This post is really special because my friend Dagmar has decided to let me tell you all the secrets to her amazing cooking. Dagmar is a talent in the kitchen. She is what I call a slow cook because she relishes creating the kind of dishes that can take days or even weeks to prepare. The creations in her kitchen are nothing short of mini adventures.
Dagmar has been friends with my boyfriend, Mario, for many years. Her husband, Hans Peter, and her have practically adopted him as their own. They spoil him rotten with the finest foods. It’s like family and between them food is love.
I moved to Germany to be with Mario, following a crazy decision making process completely driven by love. I had left my life in Thailand behind and there I was in a new country, with a new man, a new home and a new family circle.
To be honest I was a little nervous about meeting Dagmar. She must have been wondering who was this woman who has stolen Mario’s heart (he had spent the most part of the year traveling backwards and forwards to Asia). If it was me, I would have been expecting to meet a drop dead gorgeous shining star.
Dagmar invited us over to her home for a dinner. A message came asking whether I wanted traditional German food or something Asian. My thoughts were ‘when in Rome’ so I opted for a German menu and Dagmar came up with a selection of authentic eats. One of those was knoedel (a German dumpling).
There is something about dumplings that make you feel warm and fuzzy inside and when I tasted Dagmar’s knoedel I was instantly transported to my childhood. The soft yet firm texture accompanied by gravy is my ultimate comfort food. It puts you at ease and I needed it. My nerves were saved by knoedel.
We have since spent many a wonderful evening together and now, I too get spoilt rotten.
Yesterday Dagmar wanted to show me how to make knoedel – I am always talking about how it’s my favourite German food of all time.
Every culture seems to have a version of a dumpling in their cuisine. In England they are made from dough, the Chinese steam them and fill them with pork and in Jamaica dumplings are fried.
The knoedel I love is a Bavarian invention that uses dried up bread as its main ingredient.
Our other ingredients included five onions, three bunches of parsley, a litre of milk, salt, pepper, nutmeg and two vegetable stock cubes.
The time consuming part of preparing knoedel comes from the collecting the pieces of bread and drying them. You can use any bread rolls- white, brown, wholewheat or seeded. Cut them up and keep them in a basket or bowl for five days to a week. Make sure you don’t use plastic otherwise the bread will sweat and cause problems.
We used a huge bowl because Dagmar had collected so many bread rolls. About 20. We diced five onions and fried them and chopped up three bunches of fresh parsley. Dagmar said that you can be experimental with other fresh herbs to adapt the flavours. She suggested beer’s garlic or thyme. We sprinkled the mixture over the bread pieces.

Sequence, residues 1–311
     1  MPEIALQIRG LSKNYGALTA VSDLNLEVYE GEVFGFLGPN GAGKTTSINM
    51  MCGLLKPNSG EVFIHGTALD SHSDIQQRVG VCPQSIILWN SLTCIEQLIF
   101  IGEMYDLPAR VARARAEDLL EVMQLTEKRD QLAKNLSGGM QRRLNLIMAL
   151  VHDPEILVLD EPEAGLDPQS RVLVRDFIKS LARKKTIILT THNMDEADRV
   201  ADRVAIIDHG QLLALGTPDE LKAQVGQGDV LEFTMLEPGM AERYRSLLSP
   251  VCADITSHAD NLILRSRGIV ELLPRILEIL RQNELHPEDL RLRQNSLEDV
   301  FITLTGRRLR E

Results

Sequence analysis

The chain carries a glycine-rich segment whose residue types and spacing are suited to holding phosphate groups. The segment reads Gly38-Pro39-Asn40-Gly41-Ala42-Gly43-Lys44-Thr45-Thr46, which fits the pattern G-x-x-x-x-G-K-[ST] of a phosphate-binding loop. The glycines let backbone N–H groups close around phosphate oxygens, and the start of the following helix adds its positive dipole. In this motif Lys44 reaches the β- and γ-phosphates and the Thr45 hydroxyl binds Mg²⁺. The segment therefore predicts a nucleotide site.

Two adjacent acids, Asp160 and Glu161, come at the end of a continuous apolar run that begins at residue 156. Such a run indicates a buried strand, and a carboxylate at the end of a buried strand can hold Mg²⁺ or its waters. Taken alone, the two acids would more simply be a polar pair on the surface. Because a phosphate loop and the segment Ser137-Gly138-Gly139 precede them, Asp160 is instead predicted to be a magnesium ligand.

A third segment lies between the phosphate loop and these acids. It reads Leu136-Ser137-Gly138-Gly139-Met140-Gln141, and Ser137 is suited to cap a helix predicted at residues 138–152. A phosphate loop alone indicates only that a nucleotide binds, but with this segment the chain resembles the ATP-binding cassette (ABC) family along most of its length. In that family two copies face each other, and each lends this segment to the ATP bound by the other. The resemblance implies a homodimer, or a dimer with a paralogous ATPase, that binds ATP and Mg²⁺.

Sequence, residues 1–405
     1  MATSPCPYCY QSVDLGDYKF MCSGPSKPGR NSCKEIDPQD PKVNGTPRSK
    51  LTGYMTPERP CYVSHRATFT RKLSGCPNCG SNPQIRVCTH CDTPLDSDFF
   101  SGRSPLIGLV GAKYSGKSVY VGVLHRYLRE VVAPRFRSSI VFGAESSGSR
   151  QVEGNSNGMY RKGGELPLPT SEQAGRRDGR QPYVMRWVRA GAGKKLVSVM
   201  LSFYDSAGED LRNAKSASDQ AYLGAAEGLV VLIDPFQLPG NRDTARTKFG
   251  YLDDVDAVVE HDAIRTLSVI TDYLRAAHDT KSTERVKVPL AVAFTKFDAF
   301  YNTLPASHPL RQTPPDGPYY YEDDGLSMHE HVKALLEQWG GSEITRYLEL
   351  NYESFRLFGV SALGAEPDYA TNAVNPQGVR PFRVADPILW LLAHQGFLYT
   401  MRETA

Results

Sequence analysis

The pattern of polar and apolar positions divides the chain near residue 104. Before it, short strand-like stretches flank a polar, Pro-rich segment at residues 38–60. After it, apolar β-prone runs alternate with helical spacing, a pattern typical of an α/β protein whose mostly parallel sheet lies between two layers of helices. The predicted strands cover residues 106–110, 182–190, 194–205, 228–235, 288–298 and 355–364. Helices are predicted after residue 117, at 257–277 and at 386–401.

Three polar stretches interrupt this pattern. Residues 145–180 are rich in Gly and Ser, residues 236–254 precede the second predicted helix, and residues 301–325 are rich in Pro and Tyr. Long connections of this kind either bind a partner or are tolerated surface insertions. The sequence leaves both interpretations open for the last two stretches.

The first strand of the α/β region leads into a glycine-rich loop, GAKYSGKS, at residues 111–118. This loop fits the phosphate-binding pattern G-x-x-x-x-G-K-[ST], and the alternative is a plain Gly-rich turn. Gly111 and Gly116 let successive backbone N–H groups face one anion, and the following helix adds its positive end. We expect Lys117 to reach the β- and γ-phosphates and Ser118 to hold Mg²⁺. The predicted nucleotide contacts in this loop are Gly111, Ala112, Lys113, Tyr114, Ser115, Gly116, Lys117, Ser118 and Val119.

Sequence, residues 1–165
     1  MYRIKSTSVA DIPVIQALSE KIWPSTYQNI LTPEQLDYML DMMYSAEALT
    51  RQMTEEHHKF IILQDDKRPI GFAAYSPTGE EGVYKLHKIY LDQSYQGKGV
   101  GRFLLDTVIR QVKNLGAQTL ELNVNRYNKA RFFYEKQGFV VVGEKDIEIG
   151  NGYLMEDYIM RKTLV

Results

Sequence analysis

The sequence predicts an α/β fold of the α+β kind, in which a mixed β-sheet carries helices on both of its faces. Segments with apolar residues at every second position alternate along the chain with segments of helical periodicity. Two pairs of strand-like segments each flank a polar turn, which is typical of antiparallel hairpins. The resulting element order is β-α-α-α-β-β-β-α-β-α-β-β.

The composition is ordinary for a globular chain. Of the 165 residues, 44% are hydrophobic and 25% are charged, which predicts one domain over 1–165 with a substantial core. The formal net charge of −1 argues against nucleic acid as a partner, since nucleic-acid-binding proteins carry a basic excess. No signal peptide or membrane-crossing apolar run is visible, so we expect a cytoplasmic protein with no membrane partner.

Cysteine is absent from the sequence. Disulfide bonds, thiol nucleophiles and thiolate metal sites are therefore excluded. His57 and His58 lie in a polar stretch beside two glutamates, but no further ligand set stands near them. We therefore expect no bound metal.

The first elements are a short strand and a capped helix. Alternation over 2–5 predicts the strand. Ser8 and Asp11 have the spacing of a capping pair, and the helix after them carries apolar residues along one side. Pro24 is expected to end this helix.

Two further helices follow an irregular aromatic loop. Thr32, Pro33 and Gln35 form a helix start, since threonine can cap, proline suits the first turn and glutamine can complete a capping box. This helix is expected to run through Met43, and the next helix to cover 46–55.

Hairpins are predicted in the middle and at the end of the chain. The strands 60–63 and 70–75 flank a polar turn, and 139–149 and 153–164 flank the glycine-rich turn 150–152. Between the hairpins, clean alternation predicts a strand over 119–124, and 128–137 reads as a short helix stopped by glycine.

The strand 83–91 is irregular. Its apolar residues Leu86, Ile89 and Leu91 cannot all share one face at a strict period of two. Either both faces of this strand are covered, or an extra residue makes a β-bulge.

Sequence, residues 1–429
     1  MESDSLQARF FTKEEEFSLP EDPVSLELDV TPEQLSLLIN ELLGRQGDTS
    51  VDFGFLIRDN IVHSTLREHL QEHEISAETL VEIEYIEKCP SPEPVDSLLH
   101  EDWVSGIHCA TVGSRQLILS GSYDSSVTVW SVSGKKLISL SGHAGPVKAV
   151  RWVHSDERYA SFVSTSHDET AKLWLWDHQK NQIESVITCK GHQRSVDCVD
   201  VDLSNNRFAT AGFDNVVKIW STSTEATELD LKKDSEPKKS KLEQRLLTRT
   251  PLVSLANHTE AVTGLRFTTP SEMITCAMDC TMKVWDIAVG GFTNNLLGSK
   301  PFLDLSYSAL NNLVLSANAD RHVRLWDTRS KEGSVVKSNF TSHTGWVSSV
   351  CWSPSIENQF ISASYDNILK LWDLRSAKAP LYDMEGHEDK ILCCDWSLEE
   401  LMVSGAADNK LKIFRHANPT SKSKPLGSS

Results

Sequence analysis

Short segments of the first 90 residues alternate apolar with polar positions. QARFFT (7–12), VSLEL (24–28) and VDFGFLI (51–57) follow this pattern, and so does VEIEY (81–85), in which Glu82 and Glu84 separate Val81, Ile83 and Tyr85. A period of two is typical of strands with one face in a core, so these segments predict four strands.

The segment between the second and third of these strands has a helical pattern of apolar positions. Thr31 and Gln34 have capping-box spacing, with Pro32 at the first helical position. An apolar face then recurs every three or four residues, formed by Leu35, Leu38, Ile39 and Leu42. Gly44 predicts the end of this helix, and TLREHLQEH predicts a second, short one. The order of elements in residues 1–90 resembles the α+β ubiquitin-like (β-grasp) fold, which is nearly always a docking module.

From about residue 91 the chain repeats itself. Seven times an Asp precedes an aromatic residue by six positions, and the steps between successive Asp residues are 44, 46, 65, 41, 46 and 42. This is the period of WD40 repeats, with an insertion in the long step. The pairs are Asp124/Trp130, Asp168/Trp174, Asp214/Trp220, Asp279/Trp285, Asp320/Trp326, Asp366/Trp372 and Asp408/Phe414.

We then seasoned a litre of milk with a couple of tablespoons of salt, a few teaspoons of pepper, a vegetable stock cube and we grated a quarter of a nutmeg into it. This mixture was brought to the boil and then poured over the bread to give it a good soaking. We put a towel over it and left it to cool to a touchable temperature.
After that we added seven eggs and then squigded the mixture together. The egg binds the bread together so that you can roll it into balls.
The technique here is important because if you don’t do it right the dumplings will fall apart when you boil them.
The way to do it is squeeze the mixture together into a ball and roll it a few times. Then wet your hands and smooth the surface of the ball seal in the shape.
Next comes the cooking part. Fill a pot with water and add a vegetable stock cube for extra flavour. When the water is boiling it’s time to add the dumpling balls. The water will stop boiling once the balls are in the pan and if it doesn’t turn down the heat slightly.
The balls will expand and float. Turn them so all sides have contact with the water. They should be ready in 10 minutes.
The great thing about knoedel is it goes with any meat dish. During the winter I love knoedel with lots of gravy or with a stew.
We made 30 dumplings and froze most of them for quick and convenient meals in the future.
5 thoughts on “Nostalgia cooking: awesome homemade German dumplings”
Looks delicious! I will definitely try this out, looks like great winter food.
Thanks! It certainly is. I am addicted lol!
Mmmmhh! Semmelnknödel! Nothing more delicious in Germany.
You made a wonderful story out of our funny, muddy and sensual afternoon. I had a lot of fun together with you and making dumplings revealed me new, when I saw your anticipation. I am sure we will have more Kirchen stories you can write about in the next time. 🍴 😙
Thank you so much Dagmar! I can’t wait to get in the kitchen with you again and be sous chef 😉